The Christian Post's Top 10 News Stories of 2016

10. Archaeological Discoveries Support the Bible

Sa'ar Ganor
Sa'ar Ganor, an excavation director with the Israel Antiquities Authority, speaking in the September 2016 discovery of an ancient city gate and shrine that King Hezekiah wanted destroyed. |

Over the course of the year, several archaeological discoveries were made in the Middle East that confirmed historical facts written about in the Bible.

In April, Tel Aviv University found pottery shards from about 2,500 years ago that reveal literacy was more common in ancient Israel than previously assumed, which means that the Old Testament could have been written earlier than presumed.

"We're dealing with really low-level soldiers in a remote place who can write," said Israel Finkelstein, an archaeologist and biblical scholar at Tel Aviv University.

"There's a heated discussion regarding the timing of the composition of a critical mass of biblical texts, but to answer this, one must ask a broader question: What were the literacy rates in Judah at the end of the First Temple period? And what were the literacy rates later on?"

During the summer, researchers from the the Kinneret Institute for Galilean Archaeology at the Kinneret College on the Sea of Galilee found an ancient synagogue that was consistent with New Testament accounts of the area.

"This is the first synagogue discovered in the rural part of the Galilee and it confirms historical information we have about the New Testament, which says that Jesus preached at synagogues in Galilean villages," explained Motti Aviam of the Institute to JNS.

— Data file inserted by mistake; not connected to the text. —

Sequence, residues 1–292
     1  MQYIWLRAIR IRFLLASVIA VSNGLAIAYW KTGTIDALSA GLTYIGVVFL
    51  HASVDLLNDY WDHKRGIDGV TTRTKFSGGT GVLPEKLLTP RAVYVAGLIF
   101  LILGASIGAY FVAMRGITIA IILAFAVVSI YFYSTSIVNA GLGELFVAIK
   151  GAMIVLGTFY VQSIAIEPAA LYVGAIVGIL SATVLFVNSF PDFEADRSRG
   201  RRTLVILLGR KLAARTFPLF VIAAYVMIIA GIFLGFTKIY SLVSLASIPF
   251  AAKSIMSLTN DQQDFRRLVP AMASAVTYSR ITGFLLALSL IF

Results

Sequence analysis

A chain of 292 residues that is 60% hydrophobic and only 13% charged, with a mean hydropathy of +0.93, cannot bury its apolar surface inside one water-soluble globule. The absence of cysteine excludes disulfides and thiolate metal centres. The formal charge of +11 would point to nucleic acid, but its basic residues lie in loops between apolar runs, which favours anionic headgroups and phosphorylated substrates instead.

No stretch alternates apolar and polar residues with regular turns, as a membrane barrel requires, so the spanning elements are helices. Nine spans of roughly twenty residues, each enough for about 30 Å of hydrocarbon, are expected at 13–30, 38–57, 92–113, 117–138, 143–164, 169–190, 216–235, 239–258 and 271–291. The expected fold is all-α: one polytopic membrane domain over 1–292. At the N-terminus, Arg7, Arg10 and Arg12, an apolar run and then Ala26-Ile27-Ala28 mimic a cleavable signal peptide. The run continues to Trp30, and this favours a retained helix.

And in September, an ancient city gate and shrine believed to have been one of the places ordered to be destroyed by King Hezekiah of Judea was unearthed.

The gate in question was found in the ancient city of Tel Lachish within an 80-by-80-foot six-chambered area. The gate, parts of which were first discovered decades ago by archaeologists from the United Kingdom and Tel Aviv University, is believed to be the largest one of its kind found in Israel from the First Temple period.

"The size of the gate is consistent with the historical and archaeological knowledge we possess," explained Sa'ar Ganor, an excavation director with the Israel Antiquities Authority.

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